A Lesson In Seasonal Bias, Or Be Careful What You Wish For

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With today's retail sales report "mixed", the Atlanta Fed now predicts Q3 GDP will be less than 2%. According to its GDPNow model, the weaker retail sales report, particularly the control group that enters the GDP calculation, will add up to just 2.6% Real PCE growth. In prior periods with actual growth, Real PCE has ranged from 4% to 5% or more. From 1983 to 1989, Real PCE averaged 4.42%; from 1993 to 2000, Real PCE averaged 4.19%.

If that estimate holds it would mean GDP below 2% for the fifth consecutive quarter, and less than 2.5% in seven out of the past eight (the only quarter above that level was Q2 2015 at just 2.6%). This is undoubtedly due, in part, to "residual seasonality" where the BEA has intentionally adjusted its figures to smooth out what were often sharp variations. It hasn't had the effect its proponents believed it would.

In other words, before so much attention to winter the pattern had been established where each Q1 (especially the Polar Vortex of 2014) would be alarmingly weak and often negative. An actual recovery and growth period is free of any contraction even in the usual ups and downs of normal variation. Repeated negative numbers concentrated all in Q1's led economists and media commentators to speculate that this was misleading; especially since GDP would rebound often sharply each Q2 or Q3 at the latest.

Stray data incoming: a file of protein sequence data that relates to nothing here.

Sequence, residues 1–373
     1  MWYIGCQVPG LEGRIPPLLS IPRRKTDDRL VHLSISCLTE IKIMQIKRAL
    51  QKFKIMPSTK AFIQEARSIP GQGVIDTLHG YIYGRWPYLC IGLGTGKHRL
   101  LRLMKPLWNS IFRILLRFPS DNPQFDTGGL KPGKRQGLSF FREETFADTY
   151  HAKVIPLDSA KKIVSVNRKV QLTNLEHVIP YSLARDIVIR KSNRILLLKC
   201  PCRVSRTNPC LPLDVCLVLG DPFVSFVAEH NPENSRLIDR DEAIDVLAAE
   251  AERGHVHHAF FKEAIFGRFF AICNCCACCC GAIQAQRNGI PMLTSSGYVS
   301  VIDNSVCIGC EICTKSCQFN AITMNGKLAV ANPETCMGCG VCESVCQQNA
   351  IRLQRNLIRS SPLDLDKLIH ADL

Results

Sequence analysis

From the mainstream point of view, the rebound quarters were what mattered and the overly seasonal (and conspicuously snowy) contractions just anomalies. This was the baseline analysis especially in 2014 where Q1's -1.4% (current estimate) was quickly forgotten in the 4% and 5% growth of the next two quarters.

It happened again to start 2015, where originally GDP was figured to be mildly negative just like the year before even though most economists had just declared "full employment" and a ready "liftoff" state. It was this contrary calculation that led to the outcry for residual seasonality. As CNBC's Steve Liesman complained last April: